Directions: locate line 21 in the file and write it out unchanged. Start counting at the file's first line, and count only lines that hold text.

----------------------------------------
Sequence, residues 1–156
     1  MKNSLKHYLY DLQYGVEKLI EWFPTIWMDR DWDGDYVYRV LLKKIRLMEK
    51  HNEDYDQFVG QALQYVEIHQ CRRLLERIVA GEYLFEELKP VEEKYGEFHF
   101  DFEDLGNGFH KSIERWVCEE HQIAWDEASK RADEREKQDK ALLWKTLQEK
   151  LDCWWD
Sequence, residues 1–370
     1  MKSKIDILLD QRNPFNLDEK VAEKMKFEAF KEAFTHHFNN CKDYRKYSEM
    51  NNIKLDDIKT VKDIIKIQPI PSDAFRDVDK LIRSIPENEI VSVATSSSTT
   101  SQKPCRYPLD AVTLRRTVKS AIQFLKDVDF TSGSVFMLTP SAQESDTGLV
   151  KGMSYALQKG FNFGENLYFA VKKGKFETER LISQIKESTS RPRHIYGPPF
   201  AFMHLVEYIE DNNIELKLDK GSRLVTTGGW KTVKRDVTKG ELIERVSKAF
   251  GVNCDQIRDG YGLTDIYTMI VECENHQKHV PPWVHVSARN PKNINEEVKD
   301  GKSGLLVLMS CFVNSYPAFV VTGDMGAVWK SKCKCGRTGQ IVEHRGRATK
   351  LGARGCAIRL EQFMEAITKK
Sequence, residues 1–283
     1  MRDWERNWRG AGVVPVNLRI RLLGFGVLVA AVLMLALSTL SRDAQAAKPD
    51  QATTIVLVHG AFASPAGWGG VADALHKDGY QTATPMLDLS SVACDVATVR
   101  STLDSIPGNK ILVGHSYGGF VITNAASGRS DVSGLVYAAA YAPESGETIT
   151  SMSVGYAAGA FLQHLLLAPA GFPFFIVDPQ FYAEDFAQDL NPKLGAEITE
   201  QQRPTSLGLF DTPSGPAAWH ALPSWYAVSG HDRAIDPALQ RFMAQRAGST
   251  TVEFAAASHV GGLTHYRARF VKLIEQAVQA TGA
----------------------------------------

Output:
   251  TVEFAAASHV GGLTHYRARF VKLIEQAVQA TGA